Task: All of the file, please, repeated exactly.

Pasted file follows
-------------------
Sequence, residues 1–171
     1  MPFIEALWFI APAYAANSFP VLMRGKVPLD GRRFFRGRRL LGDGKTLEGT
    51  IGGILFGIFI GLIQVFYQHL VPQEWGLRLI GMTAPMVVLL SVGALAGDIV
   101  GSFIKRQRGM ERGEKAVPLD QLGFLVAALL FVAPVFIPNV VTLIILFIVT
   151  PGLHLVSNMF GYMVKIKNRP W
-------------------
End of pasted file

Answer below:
Sequence, residues 1–171
     1  MPFIEALWFI APAYAANSFP VLMRGKVPLD GRRFFRGRRL LGDGKTLEGT
    51  IGGILFGIFI GLIQVFYQHL VPQEWGLRLI GMTAPMVVLL SVGALAGDIV
   101  GSFIKRQRGM ERGEKAVPLD QLGFLVAALL FVAPVFIPNV VTLIILFIVT
   151  PGLHLVSNMF GYMVKIKNRP W